Keeping healthy this winter
Winter is here but with it comes cold and frosty days with far less daylight hours. Also, the dreaded onslaught of winter colds & flu, which can turn a normally fun and festive holiday period into a miserable and downright depressing few weeks.
So how can we prevent being struck down with these winter illnesses? There are many tried and tested remedies but not all work. Spices, however, have been revered for centuries for their healing formula and anti inflammatory properties and are used in the ancient Indian system of medicine called Ayurveda.
Keen to find out more, we caught up with local medical herbalist and aromatherapist, Bee McGovern, for her top tips on how to keep fit and healthy using spices for promoting good, basic health.
How long have you been practicing as a medical herbalist and aromatherapist?
I qualified with a BSc (Hons) in herbal medicine 12 years ago and have been practicing ever since – with slight peaks and troughs along the way, partly due to having kids (who respond wonderfully to herbal medicine!)
Aromatherapy was an additional diploma which I completed during my training as a herbalist. I love working with essential oils too (some great ones are derived from spices!) and consider my aromatherapy massage work to focus on ‘hands and heart’ and herbal medicine to make use of ‘head and heart’. Both are deeply holistic and focus very much on the Individual person and their needs.
Which spices would you recommend for preventing the common cold or flu?
It’s challenging narrowing down recommendations to just spices (and not herbs), however we have so many great spices at our finger tips. In our kitchens – my favourites are:
Garlic – raw garlic is the essential form when treating infections. It’s wonderfully anti-fungal, anti-bacterial and anti-viral (killing off the bad bugs), helps clear catarrh and gets phlegm moving, helping you cough the gunk up.
Cinnamon – gently warming and drying, anti-microbial and useful for clearing mucus from the lungs and sinuses, making it effective in the treatment of coughs and colds.
Ginger – helps to clear mucus and stoke up your internal fires to fight off infection, wonderful with hot water, fresh lemon and honey at the onset of a cold.
Cloves – one of the main constituents, eugenol, is antiviral, antiseptic and unaesthetic (many know of the traditional use of clove oil applied to a sore tooth or gum).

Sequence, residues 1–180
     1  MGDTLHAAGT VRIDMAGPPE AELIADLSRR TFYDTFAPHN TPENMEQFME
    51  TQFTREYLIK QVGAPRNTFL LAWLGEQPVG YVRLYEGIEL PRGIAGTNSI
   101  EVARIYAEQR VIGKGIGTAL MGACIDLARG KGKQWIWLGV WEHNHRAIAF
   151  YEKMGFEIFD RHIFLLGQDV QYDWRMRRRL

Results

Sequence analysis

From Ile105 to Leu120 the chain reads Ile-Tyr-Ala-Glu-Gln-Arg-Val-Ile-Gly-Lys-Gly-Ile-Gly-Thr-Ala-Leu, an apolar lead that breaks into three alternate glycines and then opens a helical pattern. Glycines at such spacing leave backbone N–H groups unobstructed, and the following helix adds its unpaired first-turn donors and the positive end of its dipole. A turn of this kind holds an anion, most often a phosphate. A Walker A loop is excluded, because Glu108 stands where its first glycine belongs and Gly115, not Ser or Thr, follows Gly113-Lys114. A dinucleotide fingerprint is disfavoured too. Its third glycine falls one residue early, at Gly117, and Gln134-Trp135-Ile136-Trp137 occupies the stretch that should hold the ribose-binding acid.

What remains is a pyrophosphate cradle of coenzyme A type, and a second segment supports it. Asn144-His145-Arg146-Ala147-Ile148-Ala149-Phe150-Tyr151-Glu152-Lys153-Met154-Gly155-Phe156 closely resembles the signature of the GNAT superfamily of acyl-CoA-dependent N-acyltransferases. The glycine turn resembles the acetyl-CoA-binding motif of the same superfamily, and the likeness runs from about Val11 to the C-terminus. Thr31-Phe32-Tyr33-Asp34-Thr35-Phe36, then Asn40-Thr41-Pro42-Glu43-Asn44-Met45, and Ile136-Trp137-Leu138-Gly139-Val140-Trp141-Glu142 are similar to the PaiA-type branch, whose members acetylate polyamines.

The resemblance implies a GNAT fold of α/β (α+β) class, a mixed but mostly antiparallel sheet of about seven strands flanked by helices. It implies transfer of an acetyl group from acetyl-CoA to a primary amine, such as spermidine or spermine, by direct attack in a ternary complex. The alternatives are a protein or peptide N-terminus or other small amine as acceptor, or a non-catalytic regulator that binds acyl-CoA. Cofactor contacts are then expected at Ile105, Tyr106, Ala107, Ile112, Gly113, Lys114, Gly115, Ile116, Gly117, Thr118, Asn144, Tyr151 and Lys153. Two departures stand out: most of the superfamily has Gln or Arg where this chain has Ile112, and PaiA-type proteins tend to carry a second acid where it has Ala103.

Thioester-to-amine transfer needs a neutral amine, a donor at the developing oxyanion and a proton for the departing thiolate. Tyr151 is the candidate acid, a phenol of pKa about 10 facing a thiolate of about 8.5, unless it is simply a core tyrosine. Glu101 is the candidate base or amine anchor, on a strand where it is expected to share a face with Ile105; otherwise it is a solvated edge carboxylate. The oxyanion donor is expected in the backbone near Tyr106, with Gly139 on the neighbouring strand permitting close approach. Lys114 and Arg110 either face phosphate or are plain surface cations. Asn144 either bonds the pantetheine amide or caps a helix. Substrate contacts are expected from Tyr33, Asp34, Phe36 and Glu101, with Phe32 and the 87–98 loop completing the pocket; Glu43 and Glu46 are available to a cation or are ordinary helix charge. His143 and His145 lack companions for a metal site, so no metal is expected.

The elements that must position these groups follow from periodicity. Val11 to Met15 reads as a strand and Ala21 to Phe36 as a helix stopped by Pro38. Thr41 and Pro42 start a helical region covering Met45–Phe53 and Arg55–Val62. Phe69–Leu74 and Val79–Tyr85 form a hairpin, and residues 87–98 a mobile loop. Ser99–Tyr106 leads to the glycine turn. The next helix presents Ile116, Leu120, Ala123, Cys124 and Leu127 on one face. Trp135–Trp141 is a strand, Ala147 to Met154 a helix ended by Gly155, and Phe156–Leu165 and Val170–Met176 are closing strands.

Star Anise – helps to clear congestion and catarrh from the upper respiratory tract and lungs. Interestingly enough the active Ingredient in the antiviral drug Tamiflu Is derived from star anise
Turmeric – useful in maintaining a healthy microbiome (gut flora), which is key in prevention, fantastic anti-Inflammatory action and generally supportive of good health. It may be used to help treat colds and catarrh.
Horseradish – great for clearing the sinuses!
What would be the best way of consuming them?
In terms of prevention, a great way to include spices is in your everyday diet. Add cinnamon, star anise and nutmeg to porridge, turmeric, black pepper, coriander seeds to soups, stews. Indian cuisine makes great use of a variety of spices in each meal – perfect for protection from colds and tummy upsets! Likewise, things like Thai curry are great examples were food almost becomes a medicine. Lots of veg and lots of great spices!
When it comes to treatment it is usually about increasing the dosage and therefore making decoctions (gently simmering the spices in a pan with the lid on) of spices works well. If you make a couple of pints in one go and store them in a flask you will have a fantastic ready made supportive beverage to have throughout the day.
Raw garlic (freshly crushed) is fantastic for treating colds, coughs and flu, however you need to aim for at least 3 cloves a day – not something that those with sensitive tummies can easily do. A good proportion of one of the active constituents is excreted into the lungs – thereby reaching the ‘target organ’, the drawback is that this what makes your breath smell!
Do you have a favourite spice for healing and if so, why?
That is a really difficult question! I guess if I could only pack one spice in my suitcase for a week away it would be ginger because it is so wonderfully versatile and suited to most people.
Ginger can be used for everything from tummy upsets, nausea and period pains through to inflammation, improving the circulation and warming one through. As a gargle it can be used for sore throats and it is also useful in fever management. Ginger is gently cleansing if you start your day with a mild cup of freshly grated ginger and hot water.
Which spice would you recommend for keeping warm during winter?
Ginger and cinnamon would be my top two! And chilli, although It’s technically a fruit!
Please note that when using spices in larger quantities i.e., medicinal quantities herb-drug interactions can occur. If you are on any medication it is important to get expert advice. Also remember that not all spices (and herbs) agree with all people!
Dosage is also key – one dose may be a food, a higher dose a medicine and an even higher one a poison! Recommended dosages vary from plant to plant and person to person. Applying a good dose of common sense is key.
Bee has had a lifelong interest in plants and natural healthcare, her first science degree was in Botany. Bee practices herbal medicine and aromatherapy from Healing Thyme in Whitchurch and also runs a clinic from her home. She Is the founder and owner of Bee’s Teas -loose leaf blissful botanical brews. Bee runs foraging walks, workshops and is available to deliver talks to groups. For further Information check out her website: www.herbsbybee.co.uk
The next Ginger and Spice Festival will take place during September 2019.
For all information about the Ginger and Spice Festival including the events, please visit the what’s on section of the website: www.gingerandspicefest.co.uk